UPDATE Journal- Gastroenterology & Hepatology

Page 26

Volume 6 | Issue 7 | 2020 | Gastroenterology and Hepatology

Gastro-oesophageal reflux disease (GORD) AUTHOR: Dr Theresa Lowry Lehnen, PhD, RGN, Post Grad Coronary Care, Clinical Nurse Specialist and Associate Lecturer at Institute of Technology Carlow, Member of the Irish Student Health Association (ISHA) Gastro-oesophageal reflux disease (GORD) is a common disorder of the gastrointestinal (GI) system. A higher incidence occurs in people living in western countries, affecting up to 20 per cent of the population. GORD is defined as “symptoms or complications resulting from the reflux of gastric contents into the oesophagus or beyond, into the oral cavity (including larynx) or lung”. The most common cause is defective functioning of the lower oesophageal sphincter, leading to excessive acid exposure in the lower oesophagus. In healthy people, the ‘angle of His’ where the oesophagus enters the stomach, creates a valve that prevents bile, digestive enzymes, and stomach acid from travelling back into the oesophagus which can cause burning and inflammation of sensitive oesophageal tissue. Most patients with GORD present with the classic symptoms of heartburn and acid regurgitation, reporting a burning feeling in the retrosternal area, rising up into the chest and radiating toward the neck, throat, and occasionally the back. It is estimated that between 20 and 40 per cent of patients with heartburn will have a diagnosis of GORD (Patrick, 2011). Symptoms occur particularly after ingestion of fatty, spicy, citrus products and alcohol. The columnar epithelium lining of the oesophagus cannot withstand acid and this leads to inflammation. Other symptoms include vomiting, halitosis, anorexia, dysphagia, cough and respiratory or oropharyngeal symptoms. GORD may be just an occasional symptom for some people, but for others it can be a severe, lifelong condition. Left untreated, GORD can cause considerable discomfort and a poor quality-of-life. Medical attention should be sought and symptoms investigated when GORD is severe, occurs several times a week, over-


the-counter medications are not helping, dysphagia or symptoms such as vomiting, haematemesis, anaemia or unexplained weight loss occur, which could suggest a more serious problem. Several factors may increase the risk of developing GORD. First-degree relatives of patients with GORD are four times more likely to develop symptoms, raising the possibility of a strong genetic contribution to the aetiology. Medicines such as calcium-channel blockers, nitrates and non-steroidal anti-inflammatory drugs (NSAIDs) can cause GORD or make the symptoms worse. Risk factors for complications of GORD include advanced age, obesity, alcohol, and tobacco use. There is no clear association between gender and oesophageal stricture, however, men are at greater risk of developing erosive oesophagitis, Barrett’s oesophagus and oesophageal adenocarcinoma than women. The presence of a hiatus hernia increases the likelihood of GORD due to mechanical and motility factors. There is substantial overlap between symptoms of GORD and those of eosinophilic oesophagitis, functional dyspepsia, and gastroparesis, posing a challenge for patient management. Co-existent dysphagia is considered an alarm symptom, requiring investigation and evaluation. GORD may lead to Barrett’s oesophagus, which in turn is a precursor condition for oesophageal cancer. The risk of progression from Barrett’s to dysplasia is estimated at approximately 20 per cent of cases. Oesophageal cancer typically affects people aged between 60 and 80 years, with the most important risk factors being severe long-standing GORD, smoking, and heavy alcohol consumption.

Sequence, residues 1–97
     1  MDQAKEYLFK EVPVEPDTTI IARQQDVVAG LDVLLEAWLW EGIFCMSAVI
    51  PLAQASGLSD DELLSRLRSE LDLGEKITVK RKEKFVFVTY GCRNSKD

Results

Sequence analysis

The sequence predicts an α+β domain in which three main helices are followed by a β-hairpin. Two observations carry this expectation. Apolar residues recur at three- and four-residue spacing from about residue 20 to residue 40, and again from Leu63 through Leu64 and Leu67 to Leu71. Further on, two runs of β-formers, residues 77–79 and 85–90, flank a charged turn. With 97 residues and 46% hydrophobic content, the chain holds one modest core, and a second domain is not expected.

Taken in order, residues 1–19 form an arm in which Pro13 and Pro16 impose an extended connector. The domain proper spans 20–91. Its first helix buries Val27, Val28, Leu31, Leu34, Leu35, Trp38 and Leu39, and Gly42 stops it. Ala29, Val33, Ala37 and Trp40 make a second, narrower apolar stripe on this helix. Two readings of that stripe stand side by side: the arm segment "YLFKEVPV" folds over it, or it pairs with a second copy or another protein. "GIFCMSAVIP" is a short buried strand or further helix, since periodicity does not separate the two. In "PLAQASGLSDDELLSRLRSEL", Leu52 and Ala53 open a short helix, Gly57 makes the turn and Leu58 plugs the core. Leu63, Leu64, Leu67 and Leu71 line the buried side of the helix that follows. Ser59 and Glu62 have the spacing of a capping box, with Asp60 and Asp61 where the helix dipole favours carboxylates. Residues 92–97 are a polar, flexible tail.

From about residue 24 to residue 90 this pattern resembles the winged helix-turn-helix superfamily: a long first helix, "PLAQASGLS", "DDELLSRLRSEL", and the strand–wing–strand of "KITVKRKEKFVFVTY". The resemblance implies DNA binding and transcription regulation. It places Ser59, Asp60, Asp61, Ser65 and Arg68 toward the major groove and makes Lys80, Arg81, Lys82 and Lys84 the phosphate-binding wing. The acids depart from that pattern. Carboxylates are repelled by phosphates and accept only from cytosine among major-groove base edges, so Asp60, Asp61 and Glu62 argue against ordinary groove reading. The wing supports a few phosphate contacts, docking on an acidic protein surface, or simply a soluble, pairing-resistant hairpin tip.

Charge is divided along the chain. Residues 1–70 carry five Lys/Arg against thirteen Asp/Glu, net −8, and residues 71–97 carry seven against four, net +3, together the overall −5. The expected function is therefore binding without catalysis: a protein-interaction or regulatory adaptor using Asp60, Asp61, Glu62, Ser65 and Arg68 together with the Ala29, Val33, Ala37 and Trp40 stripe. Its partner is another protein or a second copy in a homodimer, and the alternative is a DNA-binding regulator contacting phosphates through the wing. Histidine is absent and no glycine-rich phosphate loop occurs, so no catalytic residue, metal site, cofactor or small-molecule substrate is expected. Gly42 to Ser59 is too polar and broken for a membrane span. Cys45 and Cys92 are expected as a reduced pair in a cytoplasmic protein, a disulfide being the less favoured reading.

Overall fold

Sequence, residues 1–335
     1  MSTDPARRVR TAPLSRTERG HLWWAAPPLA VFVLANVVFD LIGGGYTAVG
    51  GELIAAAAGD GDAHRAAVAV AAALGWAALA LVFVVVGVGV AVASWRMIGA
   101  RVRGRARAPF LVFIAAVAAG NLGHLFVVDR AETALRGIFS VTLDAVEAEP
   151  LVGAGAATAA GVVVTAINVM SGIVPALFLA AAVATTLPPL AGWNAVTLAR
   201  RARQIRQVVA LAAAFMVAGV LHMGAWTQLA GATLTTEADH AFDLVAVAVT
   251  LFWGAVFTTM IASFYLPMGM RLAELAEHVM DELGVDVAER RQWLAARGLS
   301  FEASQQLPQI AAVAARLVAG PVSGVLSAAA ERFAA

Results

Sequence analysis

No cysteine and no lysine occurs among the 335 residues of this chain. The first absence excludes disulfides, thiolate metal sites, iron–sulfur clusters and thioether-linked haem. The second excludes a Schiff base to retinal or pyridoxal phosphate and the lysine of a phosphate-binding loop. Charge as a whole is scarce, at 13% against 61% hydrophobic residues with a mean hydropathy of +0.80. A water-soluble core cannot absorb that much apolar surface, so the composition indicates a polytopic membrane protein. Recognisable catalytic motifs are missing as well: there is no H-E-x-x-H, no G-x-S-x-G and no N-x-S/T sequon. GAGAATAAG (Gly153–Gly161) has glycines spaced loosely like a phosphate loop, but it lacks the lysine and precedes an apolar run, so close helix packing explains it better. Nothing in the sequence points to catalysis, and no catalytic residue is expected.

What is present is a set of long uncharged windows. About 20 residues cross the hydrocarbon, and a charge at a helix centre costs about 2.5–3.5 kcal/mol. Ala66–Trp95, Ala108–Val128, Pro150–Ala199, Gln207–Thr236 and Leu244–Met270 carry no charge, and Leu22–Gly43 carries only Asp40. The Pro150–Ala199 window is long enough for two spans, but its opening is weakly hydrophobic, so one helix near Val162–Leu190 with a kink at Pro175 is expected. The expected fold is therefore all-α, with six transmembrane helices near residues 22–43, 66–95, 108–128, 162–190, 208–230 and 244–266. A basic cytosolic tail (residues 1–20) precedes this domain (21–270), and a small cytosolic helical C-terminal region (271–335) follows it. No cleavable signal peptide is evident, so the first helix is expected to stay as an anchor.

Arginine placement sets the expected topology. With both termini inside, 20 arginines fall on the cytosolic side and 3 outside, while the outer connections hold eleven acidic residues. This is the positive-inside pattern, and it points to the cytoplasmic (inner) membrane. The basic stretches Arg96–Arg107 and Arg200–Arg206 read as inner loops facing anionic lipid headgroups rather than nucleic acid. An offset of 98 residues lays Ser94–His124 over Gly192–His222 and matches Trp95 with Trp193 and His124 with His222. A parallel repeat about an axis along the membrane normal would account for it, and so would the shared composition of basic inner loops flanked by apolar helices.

of heartburn and acid regurgitation. Heartburn is described as a burning, retrosternal, rising sensation associated with meals, although this definition is often poorly understood by the general population. Practitioners need to be aware of this and clarify the nature of the symptoms being discussed when the term ‘heartburn’ is used by patients. Tests for GORD include endoscopy, barium swallow or meal, manometry, 24-hour pH monitoring and blood tests. A full blood count (FBC) should be taken to assess for anaemia, which could be a sign of internal bleeding. GORD can be classified according to the presence or absence of erosions on endoscopic examination. Absence of erosions are classified as non-erosive (NERD), whereas GORD symptoms with erosions is classified as erosive oesophagitis. The primary role of endoscopy is to look for complications and to exclude other diagnoses. Endoscopy is not generally required in the presence of typical GORD symptoms, however, it is recommended for patients who are at higher risk of Barrett’s oesophagus, a precursor for developing adenocarcinoma, which is more common in male patients over the age of 50 years. Manometry is used to assess how well muscle at the distal end of the oesophagus is functioning. A tube containing pressure sensors can measure the pressures in the oesophagus and help determine whether surgery may be necessary. A barium swallow, or barium meal, may be required to assess swallowing ability and look for any blockages or abnormalities in the oesophagus.

Diagnosis A presumptive diagnosis of GORD can be made based on the typical symptoms

24-hour pH monitoring may be necessary to measure the acidity level in the